We all know it to be true. A teenaged boy with facial hair can look old enough to buy a case of beer. A mature-looking teenaged girl can look old enough to get into a nightclub. But in the end, the age of majority is the final arbiter. That is where the legal system draws the line between minors and adults. Here's a brief summary of legal age laws in Wyoming.
Age of Majority in Wyoming
Most states, including Wyoming, have minor laws that state that 18 is the "age of majority," which is the age at which a citizen is considered an adult in the eyes of the law. And this is the crucial distinction. How mature or older looking a minor appears or acts is of no relevance. The law draws no quarter when it comes to minors: they remain minors until the day of their 18th birthday.
Wyoming Age Statutes
Legal ages in Wyoming are highlighted in the chart below.
|Age of Majority
|Eligibility for Emancipation
||Through marriage, military service, or at age 17 if living separate, apart from parents; parents consent to living arrangement; minor deemed capable of handling financial affairs; and income is lawfully derived (14-1-201, et seq.)
|Contracts by Minors
|Minors' Ability to Sue
||General guardian, committee, conservator; otherwise by next friend or guardian ad litem, (Wy Rule of Civil Proc. 17(c))
|Minors' Consent to Medical Treatment
||Yes if married, military, guardian can't be located, or living apart and self-supporting or is emancipated (14-1-101)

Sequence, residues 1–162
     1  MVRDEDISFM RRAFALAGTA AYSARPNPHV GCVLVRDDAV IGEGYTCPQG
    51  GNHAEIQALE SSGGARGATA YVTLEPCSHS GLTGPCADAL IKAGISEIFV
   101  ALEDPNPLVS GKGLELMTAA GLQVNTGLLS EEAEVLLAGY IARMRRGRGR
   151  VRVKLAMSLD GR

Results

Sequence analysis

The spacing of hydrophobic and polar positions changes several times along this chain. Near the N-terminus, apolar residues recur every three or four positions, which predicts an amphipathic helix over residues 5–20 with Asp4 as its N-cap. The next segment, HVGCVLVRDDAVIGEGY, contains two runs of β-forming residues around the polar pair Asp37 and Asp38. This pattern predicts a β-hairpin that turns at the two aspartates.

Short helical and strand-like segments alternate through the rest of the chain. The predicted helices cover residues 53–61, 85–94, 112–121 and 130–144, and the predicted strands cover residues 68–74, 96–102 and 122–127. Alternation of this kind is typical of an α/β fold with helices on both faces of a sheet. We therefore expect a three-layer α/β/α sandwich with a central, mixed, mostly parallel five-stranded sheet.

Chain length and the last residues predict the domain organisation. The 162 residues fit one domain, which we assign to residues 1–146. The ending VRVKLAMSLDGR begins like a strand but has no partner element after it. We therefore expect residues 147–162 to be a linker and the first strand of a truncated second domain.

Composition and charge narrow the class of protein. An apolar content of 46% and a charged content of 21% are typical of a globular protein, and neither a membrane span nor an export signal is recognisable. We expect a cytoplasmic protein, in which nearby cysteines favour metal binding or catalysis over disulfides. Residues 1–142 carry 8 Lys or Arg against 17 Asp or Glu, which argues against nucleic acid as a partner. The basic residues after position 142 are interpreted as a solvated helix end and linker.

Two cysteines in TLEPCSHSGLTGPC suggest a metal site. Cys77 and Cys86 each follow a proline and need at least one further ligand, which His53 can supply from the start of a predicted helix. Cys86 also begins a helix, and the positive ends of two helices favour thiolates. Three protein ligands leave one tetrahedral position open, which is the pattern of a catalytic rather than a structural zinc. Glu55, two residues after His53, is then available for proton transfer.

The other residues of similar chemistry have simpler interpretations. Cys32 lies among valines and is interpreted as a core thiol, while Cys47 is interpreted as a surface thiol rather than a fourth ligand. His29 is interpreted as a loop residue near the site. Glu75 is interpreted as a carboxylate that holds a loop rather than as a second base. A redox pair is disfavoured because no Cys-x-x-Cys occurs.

Legal Responsibilities of Minors and Parents
There is a legal process, called the emancipation of a minor, by which a minor can become an adult in the eyes of the law. Although the age of majority in Wyoming is 18, emancipation can allow for a minor at age 17 to be responsible for his or her own decisions regarding school, healthcare, and other matters. In most cases, until they are emancipated or they turn 18, juveniles will normally be treated as such in criminal cases, including age and status offenses.
Wyoming Legal Ages Laws: Related Resources
State laws regulating legal ages are subject to change. If you would like legal assistance with a juvenile case or a family law matter, you can contact a Wyoming family law attorney. You can also visit FindLaw's Family Law section for more articles and resources.